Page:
Nursing Practice in Context (Case Study Sample)
some books should be used -understanding pathophysiology- Craft Gordon Tiziani -Lew's medical-surgical nursing- Edwards brown -Weber & Kelley's Health assessment in nursing- Peter Lewis and David Foley Please please use the criteria document to follow last time i order same paper but different scenario and i fail this subject. this my last chance and i would like to get 6 or 5 a least. Thank you.source..
Case scenario: Nursing Practice in Context 4
1] Current problem
Both Type 2 Diabetes, hypertension increase the risk of fractures, and in the case of hypertensive older patients, care should be exercised to ensure that they do not worsen the situation. According to (Solomon et al., 2011), antihypertensive may affect the bone metabolism in cases where there is decreased calcium absorption. Since hypertension likely affects the bone mineral density (BMD), and fracture risk, there is a need to understand how hypertension and type 2 diabetes. However, there are mixed results on the impact of antihypertensive drug exposure and fracture risk. For instance, thiazide diuretics and Angiotensin-receptor blockers have lower risk of fractures unlike calcium channel blockers, but other agents seem to have to impact on the fracture risk (Solomon et al., 2011).
Patients with increased body weight have high bone density, but some studies show that there is likely no association between type 2 diabetes and risk of bone fracture. The stress of operation may exacerbate diabetes, and there is a need to address the stressors and look at the behavioral responses to them (Lloyd, Smith & Weinger, 2005). Social and psychological support might improve the chance of Jensen coping with the situation, but his children and ex wife and live out of state. Hypertension and type 2 diabetes are comorbidities, since they are likely to take medications that may decrease the BMD or increase risk of falling (Lipscombe et al., 2007). Jensen is 65 years old.
Even though, the fractures were caused by the fall, there are various factors that may worsen the situation. After having undergone the operation, there is risk that without power management of diabetes, there may be more complications. This is because stress can cause a rise in blood sugar levels, as stress hormones increase blood sugar levels including cortisol and epinephrine. There are both pharmacologic and non-pharmacologic interventions that address the risk factors of further structures. The pathophysiology of fractures are mostly related to the bone strength including age, one quality, bone mass, and the nature of injuries (Melton et al., 2008). Understanding the risk factors to the fractures is the basis for identifying the most effective interventions.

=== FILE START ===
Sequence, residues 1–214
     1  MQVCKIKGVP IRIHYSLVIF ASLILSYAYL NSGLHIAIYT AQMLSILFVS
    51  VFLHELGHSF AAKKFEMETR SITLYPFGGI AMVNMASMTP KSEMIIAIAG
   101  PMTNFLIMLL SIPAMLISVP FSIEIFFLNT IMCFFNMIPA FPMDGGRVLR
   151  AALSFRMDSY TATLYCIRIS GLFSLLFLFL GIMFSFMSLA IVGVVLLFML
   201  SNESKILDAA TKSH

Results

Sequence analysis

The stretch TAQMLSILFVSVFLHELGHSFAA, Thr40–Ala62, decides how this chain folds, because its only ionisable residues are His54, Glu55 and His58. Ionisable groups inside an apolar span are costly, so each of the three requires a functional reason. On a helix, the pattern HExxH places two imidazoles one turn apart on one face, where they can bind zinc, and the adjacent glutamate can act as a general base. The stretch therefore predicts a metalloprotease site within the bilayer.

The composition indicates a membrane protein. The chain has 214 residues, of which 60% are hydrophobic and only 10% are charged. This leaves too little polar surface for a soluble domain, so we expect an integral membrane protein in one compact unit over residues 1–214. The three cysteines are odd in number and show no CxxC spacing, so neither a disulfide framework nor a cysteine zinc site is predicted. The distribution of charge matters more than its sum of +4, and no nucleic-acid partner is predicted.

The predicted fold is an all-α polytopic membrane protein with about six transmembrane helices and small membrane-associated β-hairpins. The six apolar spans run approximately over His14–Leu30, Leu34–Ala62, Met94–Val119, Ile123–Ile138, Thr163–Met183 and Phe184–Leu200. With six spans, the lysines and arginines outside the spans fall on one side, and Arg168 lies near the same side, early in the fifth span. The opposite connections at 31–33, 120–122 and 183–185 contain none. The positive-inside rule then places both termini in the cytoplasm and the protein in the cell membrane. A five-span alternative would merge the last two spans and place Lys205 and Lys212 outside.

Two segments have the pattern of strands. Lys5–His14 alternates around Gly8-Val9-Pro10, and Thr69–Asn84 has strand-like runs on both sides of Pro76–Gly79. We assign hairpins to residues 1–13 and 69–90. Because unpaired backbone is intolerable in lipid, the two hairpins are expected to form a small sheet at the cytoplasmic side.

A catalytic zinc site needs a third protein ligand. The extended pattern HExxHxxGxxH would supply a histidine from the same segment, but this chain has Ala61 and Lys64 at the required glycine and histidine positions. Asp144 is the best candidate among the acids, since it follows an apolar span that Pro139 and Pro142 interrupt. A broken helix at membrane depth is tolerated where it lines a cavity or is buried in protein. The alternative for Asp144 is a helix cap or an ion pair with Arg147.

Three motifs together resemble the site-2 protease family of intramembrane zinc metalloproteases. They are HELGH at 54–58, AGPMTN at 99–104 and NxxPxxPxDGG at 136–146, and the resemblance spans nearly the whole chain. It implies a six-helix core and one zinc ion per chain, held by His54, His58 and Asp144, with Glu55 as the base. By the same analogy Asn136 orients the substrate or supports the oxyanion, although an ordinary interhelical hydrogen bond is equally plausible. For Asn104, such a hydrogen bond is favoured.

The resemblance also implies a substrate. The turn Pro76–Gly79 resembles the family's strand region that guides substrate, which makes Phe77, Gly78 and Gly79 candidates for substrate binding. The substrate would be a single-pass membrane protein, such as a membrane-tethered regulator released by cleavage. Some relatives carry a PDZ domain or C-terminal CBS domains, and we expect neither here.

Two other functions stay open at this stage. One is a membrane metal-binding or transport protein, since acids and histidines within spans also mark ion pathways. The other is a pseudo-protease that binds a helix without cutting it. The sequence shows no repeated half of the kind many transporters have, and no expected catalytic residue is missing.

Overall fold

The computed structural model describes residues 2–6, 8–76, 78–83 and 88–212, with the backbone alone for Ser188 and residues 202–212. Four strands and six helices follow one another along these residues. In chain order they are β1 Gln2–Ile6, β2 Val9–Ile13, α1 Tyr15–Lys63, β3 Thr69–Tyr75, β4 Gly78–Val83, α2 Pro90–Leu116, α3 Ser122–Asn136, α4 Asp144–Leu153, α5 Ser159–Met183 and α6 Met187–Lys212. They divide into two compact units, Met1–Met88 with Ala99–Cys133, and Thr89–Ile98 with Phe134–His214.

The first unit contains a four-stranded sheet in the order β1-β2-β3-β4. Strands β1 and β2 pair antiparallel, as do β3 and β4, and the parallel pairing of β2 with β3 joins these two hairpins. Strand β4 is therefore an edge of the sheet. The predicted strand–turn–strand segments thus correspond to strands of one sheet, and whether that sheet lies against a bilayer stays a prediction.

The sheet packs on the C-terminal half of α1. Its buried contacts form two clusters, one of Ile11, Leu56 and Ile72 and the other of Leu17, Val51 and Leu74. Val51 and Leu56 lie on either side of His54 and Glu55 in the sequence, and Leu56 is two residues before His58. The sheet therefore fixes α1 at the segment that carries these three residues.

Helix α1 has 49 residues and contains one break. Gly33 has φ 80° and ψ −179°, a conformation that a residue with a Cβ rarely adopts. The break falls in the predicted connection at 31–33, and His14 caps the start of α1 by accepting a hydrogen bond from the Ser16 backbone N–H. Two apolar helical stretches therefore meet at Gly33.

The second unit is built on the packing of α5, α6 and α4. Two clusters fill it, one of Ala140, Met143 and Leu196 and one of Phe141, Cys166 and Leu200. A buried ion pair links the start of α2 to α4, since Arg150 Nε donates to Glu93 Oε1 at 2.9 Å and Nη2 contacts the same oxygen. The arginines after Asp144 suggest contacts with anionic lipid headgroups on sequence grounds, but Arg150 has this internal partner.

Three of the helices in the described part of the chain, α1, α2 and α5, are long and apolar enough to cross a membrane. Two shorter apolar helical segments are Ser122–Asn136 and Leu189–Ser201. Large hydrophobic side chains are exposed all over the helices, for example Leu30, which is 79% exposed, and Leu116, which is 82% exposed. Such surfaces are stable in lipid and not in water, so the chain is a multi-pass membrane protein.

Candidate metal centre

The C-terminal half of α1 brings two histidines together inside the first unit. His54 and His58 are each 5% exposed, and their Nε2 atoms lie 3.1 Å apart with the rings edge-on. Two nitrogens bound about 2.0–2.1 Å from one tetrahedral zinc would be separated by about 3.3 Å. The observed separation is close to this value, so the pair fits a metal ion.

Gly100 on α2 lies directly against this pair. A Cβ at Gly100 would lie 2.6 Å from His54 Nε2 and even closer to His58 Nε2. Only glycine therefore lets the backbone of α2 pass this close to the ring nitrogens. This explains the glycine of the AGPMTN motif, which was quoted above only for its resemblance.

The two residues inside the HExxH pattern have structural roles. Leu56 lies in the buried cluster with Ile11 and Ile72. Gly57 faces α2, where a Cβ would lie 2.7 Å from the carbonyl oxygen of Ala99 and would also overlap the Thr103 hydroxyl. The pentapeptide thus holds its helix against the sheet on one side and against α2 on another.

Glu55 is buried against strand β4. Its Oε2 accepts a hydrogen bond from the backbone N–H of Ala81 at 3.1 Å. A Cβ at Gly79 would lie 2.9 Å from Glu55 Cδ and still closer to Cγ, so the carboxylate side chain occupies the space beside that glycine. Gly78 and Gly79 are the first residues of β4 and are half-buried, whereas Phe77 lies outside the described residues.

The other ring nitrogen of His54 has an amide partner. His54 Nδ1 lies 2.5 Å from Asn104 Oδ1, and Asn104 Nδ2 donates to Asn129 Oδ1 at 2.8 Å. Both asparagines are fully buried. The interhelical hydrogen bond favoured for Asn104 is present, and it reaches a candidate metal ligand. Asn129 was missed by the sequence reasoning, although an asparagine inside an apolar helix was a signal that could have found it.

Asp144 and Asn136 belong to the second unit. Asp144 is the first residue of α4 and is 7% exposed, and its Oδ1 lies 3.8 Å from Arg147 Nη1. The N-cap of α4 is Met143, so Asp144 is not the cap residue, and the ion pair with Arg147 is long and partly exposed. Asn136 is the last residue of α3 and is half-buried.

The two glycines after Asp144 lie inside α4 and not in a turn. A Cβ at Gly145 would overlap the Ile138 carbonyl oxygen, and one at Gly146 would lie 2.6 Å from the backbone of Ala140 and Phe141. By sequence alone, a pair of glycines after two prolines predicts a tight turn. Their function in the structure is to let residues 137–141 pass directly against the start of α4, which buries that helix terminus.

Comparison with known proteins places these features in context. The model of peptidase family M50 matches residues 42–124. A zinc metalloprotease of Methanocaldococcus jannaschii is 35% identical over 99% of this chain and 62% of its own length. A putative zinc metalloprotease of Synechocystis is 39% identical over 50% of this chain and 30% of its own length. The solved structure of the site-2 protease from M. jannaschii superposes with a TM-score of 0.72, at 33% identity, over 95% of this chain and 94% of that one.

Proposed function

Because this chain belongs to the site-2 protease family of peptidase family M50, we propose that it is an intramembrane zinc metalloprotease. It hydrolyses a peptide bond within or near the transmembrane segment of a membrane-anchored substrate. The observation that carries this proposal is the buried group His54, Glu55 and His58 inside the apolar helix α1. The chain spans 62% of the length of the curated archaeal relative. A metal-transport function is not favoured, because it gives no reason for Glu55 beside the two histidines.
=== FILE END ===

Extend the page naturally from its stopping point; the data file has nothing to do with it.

To highlight the gravity of the problem is that as severity diabetes increases so does the risk of non traumatic(fragility) fracture, while the current prediction tools to detect the risk of fractures are not necessarily robust when dealing with diabetic patients (Fraser et al., 2013). To further compound the problem is that Mr. Jensen smokes 20 roll-up cigarettes per day, increasing the risk of hypertension. Since the blood pressure is 155/100, focusing on the benefits of healthy eating during and after recovery would minimize further complications from diabetes and hypertension. Brown & Edwards (2015), highlight that patients ought to taught to manage the BP levels and maintaining the goals as this makes it easier to use interventions.
Patients with diabetes mellitus are at a higher risk of complications after suffering fractures regardless of whether they are treated surgically or not (Craft et al., 2015). Fracture repair starts with inflammation that allows recruitment of mesenchymal stem cells, before there is cartilage formation, cartilage resorptiom and the secondary bone formation (Graves et al., 2011). However, for patients suffering from diabetes the condition affects wound healing for both soft and hard tissues, since there is accelerated loss of cartilage, the tissue level changes and there is risk if reduced cartilage formation (Graves et al., 2011).
Impaired fracture healing is a concern in patients with hypertension and diabe...
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